Worth noting: It took another 20 years before an out Republican was finally elected to the state legislature. When he was elected in 2014, Representative Todd Novak from Dodgeville became the first openly gay Republican to serve in the Wisconsin State Assembly. He is also one of just two openly gay Republican state legislators in the nation, alongside Ohio state representative Tim Brown.
A Presidential Appointment
Although it was not without controversy, when President George W. Bush took office, one of the first appointments he made was to name Scott the director of the Office of National AIDS Policy. His name was on the shortlist thanks to his past work with Governor Thompson, who had also been called to serve as Health and Human Services Secretary.
Of course, social conservatives worked overtime to kill the nomination. They attacked Scott for his work with the Black church in an effort to stop labeling homosexuality as a sin. Unwilling to see the link between stigma of homosexuality, and the disproportionate infection rates among African-American men who have sex with men, they argued that this was part of Scott’s “homosexual agenda.” The Family Research Council even hosted a session aimed at forcing his resignation.
However, it took Scott less than a year to establish himself, and to be viewed favorably. Much of that is owed to his skill at achieving bipartisan consensus around his work—made easier by an issue that already had a history of bipartisan support dating back to President Clinton. A few of Scott’s proudest moments continue to be from the times when he was standing in the Rose Garden alongside President Bush and members of his cabinet as they announced initiatives like the Global Fund to Fight AIDS, Tuberculosis and Malaria; or the bilateral program which is PEPFAR, the President’s Emergency Program for AIDS Relief.
There’s pride in his voice when you listen to him talk about sitting in the Oval Office across from the President of the United States as they’re concluding to do something major on AIDS. His later departure from the role came from his support of needle exchange for injection drug users and condom use for gay and bisexual men, both to prevent the spread of the disease. The Bush administration staunchly preferred sex education programs that advocate abstinence only.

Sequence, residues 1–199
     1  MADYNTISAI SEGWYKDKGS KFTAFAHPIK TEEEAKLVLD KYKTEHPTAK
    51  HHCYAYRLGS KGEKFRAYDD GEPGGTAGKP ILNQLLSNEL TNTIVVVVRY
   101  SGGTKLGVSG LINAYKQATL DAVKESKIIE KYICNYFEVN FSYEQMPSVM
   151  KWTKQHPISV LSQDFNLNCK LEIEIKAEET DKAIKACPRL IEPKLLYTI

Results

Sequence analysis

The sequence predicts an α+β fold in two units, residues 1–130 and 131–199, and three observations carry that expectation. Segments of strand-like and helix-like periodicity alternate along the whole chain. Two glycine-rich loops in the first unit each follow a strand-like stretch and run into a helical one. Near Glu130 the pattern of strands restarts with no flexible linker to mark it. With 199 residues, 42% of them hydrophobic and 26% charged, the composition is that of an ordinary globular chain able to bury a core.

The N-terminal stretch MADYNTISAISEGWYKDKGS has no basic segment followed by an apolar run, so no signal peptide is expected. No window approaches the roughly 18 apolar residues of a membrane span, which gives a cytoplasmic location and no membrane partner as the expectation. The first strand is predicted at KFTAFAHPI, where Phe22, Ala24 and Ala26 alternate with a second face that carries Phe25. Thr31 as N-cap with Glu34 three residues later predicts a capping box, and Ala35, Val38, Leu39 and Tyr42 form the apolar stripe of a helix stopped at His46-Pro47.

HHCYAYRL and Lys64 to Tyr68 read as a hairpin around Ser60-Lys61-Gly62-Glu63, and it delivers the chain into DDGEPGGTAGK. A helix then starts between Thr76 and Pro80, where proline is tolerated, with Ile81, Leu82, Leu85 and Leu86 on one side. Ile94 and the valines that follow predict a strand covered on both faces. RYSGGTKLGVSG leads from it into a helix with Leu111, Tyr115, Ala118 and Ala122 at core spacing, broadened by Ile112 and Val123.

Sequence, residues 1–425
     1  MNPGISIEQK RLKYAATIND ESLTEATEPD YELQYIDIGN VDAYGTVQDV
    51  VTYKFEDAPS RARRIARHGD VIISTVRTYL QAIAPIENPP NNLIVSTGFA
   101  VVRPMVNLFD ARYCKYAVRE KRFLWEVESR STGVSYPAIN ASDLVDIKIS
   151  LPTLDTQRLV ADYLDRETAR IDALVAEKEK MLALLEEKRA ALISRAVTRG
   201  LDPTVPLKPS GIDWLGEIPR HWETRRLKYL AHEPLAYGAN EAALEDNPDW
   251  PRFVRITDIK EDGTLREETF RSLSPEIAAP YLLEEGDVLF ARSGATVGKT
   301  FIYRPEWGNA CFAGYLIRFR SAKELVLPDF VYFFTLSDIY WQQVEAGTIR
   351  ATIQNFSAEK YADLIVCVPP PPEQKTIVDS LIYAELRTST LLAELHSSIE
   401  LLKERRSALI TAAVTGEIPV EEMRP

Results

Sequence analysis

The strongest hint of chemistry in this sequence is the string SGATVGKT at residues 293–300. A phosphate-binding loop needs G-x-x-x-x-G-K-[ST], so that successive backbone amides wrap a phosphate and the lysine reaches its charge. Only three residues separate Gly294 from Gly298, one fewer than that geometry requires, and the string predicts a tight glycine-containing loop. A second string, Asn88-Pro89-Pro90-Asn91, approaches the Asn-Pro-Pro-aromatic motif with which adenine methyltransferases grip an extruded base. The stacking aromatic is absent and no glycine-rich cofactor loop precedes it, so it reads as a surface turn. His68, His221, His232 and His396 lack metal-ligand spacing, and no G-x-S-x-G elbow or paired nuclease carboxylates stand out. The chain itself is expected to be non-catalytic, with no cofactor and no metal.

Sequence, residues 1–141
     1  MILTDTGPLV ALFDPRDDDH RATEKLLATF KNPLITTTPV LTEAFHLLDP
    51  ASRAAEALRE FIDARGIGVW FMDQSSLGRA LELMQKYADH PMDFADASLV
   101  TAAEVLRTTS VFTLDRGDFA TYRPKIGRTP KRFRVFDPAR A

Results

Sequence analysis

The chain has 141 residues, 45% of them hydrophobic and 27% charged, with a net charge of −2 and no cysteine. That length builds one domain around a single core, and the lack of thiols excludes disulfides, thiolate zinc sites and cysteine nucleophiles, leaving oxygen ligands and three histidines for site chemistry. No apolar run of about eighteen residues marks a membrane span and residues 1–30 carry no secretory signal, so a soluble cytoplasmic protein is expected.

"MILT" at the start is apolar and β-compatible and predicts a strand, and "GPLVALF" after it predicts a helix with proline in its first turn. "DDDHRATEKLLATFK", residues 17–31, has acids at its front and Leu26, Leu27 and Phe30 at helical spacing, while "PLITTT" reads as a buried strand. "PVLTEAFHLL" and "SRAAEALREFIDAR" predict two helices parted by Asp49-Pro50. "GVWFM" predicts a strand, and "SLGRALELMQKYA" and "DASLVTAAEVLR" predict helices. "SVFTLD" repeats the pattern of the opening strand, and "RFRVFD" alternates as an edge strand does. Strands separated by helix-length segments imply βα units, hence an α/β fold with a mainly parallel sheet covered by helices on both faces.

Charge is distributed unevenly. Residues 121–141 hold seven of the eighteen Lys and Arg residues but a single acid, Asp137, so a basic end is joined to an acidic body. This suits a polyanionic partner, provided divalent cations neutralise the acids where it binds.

Today Scott continues to work in the same space as he was in the administration. He continues to influence both global and domestic policy on public health issues—namely HIV-AIDS—in both D.C. and Wisconsin. As HIV is increasingly becoming a disease of poverty, he’s been able to advocate on behalf of organizations like the AIDS Resource Center of Wisconsin (ARCW). He explains how now, “You’re likely to have someone walk in the doors of ARCW with a whole host of issues from social services to mental health to other health and dental issues.”
Just last month he was at the United Nations in New York for an HIV-AIDS meeting, which had leaders from all over the world participating. For him, it was a moment to reminisce. “I led the first U.S. delegation to the preparatory conference which drafted the first UN declaration on HIV-AIDS back in 2001,” he says.
Fast forward to 2016, and there are frequent meetings at the UN on this topic. He’s happy to be back there representing a non-governmental organization and able to do a lot of the same work in his current role as a lobbyist.